Nicolas Sarkozy Decries âToo Many Foreignersâ in France as Presidential Election Campaign Heats Up
French economic growth is slowing, unemployment is rising, Greece is still a risk to default, and the crisis-rocked euroâwhile somewhat stabilized of lateâis still not out of the existential woods. Yet despite those burning concerns topping the list worried French voters are contemplating as they near general elections, Franceâs campaigning President Nicolas Sarkozy this week declaredÂ âthe biggest concern of French people is halal meat.â Who knew?
And not to be contradicted by polls indicating public opinion regards economic and employment issues as by far the most critical considerations in selecting its next leader, Sarkozy on Tuesday night suggested Franceâs real problem is âwe have too many foreignersâ. Sarkozyâs Hungarian immigrant father has been warned.
If all that sounds like the conservative Sarkozy imitating National Front leader Marine Le Pen, thatâs because it isâat least in the view of political analysts, pundits, and foreign observers. Many of those commentators interpret the presidentâs renewed embrace of positions dear to the extreme-right as a cynical yet desperate effort to recruit new backers to his uphill re-election bid. But while that strategy may have been vital to Sarkozyâs 2007 win, there are signs his 2012 re-do is failing to turn the rather grim re-election outlook around.
This weekâs overture to the extreme-right isnât the first time Sarkozy has sought to woo National Front (FN) voters by echoing some of their traditional themes. In his 2007 campaign, his hard line stances on crime, immigration, and restoring order to Franceâs troubled housing projects won over a large enough segment of FN backers to lift him to victory over Socialist rival SĂ©golĂšne Royal. Since taking the ElysĂ©e, Sarkozy has made similar nods to the extreme-right (and with re-election in mind) by creating a National Identity ministry, holding debates on what constitutes Frenchness, rounding up and expelling thousands of Roma, and raising questions about the place and influence of Islam in France that some Muslims equate with low-grade Islamophobia.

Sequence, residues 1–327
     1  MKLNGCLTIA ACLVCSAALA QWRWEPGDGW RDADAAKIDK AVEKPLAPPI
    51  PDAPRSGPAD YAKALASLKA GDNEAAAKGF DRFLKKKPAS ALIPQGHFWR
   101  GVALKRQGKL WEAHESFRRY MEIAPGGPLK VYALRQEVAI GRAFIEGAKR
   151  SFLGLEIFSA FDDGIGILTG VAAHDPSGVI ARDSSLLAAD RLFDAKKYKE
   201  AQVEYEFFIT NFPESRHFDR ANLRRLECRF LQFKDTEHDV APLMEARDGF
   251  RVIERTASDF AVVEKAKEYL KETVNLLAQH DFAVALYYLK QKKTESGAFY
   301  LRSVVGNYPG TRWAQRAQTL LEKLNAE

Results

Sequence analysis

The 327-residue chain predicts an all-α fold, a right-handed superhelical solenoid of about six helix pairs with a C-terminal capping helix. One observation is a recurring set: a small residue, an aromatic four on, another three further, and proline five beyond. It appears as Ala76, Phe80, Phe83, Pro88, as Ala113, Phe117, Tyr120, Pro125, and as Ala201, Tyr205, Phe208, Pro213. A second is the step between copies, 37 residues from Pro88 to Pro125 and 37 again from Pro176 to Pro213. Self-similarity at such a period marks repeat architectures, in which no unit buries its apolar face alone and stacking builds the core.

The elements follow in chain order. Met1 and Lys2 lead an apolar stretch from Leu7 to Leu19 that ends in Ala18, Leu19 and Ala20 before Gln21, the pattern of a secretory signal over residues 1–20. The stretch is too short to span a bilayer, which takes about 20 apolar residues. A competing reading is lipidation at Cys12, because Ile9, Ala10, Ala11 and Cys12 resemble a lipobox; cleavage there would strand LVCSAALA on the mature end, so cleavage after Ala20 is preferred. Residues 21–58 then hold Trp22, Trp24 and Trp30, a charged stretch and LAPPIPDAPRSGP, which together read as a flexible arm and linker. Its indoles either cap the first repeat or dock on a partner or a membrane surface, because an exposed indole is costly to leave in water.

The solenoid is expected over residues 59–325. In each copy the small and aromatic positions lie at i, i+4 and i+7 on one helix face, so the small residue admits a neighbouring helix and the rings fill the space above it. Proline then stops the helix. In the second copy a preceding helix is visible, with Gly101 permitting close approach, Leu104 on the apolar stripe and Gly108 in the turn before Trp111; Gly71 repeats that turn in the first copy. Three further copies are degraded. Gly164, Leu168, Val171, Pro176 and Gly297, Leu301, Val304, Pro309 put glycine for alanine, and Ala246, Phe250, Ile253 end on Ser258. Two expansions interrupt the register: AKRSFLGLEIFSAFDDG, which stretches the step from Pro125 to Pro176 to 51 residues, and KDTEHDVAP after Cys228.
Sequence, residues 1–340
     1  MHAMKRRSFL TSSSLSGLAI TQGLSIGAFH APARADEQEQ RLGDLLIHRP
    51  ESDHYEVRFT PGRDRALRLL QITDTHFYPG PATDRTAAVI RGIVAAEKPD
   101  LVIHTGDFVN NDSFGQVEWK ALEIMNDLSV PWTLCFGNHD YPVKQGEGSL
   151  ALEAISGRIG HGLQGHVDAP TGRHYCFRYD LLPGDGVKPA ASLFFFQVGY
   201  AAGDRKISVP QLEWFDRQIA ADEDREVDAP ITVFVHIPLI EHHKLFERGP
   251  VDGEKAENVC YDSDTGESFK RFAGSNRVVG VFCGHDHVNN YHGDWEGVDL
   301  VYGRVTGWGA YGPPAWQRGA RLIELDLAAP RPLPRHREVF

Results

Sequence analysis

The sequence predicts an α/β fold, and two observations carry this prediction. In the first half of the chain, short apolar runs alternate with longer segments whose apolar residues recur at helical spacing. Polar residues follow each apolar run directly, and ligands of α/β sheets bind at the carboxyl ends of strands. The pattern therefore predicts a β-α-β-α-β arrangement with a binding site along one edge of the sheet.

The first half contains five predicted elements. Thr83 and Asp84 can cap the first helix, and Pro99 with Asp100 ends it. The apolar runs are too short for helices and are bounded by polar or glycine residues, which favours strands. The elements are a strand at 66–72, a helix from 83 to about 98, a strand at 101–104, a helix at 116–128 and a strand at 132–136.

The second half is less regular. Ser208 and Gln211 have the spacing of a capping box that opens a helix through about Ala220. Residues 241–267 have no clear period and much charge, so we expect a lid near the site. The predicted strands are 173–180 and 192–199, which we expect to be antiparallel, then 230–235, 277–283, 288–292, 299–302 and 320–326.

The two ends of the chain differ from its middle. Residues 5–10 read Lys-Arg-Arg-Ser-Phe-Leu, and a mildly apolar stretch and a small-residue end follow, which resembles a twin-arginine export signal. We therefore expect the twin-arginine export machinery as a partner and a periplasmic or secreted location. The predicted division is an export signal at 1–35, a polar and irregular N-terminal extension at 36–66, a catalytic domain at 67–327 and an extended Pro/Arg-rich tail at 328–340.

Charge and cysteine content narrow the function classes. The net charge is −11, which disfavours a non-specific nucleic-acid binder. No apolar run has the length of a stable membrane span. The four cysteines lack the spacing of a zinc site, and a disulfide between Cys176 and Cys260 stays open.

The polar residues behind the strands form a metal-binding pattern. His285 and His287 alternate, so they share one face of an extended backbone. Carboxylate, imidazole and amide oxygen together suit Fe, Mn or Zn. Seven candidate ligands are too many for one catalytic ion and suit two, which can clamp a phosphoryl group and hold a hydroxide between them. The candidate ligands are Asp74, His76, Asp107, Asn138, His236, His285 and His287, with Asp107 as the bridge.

Indeed, Sarkozyâs comments Monday revisited what has become the hot topic of Islam on the French right. During a stump visit in Picardy, Sarkozy claimed (incorrectly, polls say) the French publicâs biggest worry is unknowingly buying and consuming meat slaughtered according to halal practices (rather than culled in the generic, industrial fashion). In doing so Sarkozy simply piggy-backed an earlier stir Le Pen had sparked with her equally false allegations that all meat sold in super markets is halalâunbeknownst to consumers. It made for much noise among the chattering classes, but was largely an ephemeral distraction to French voters mostly concerned about the economy.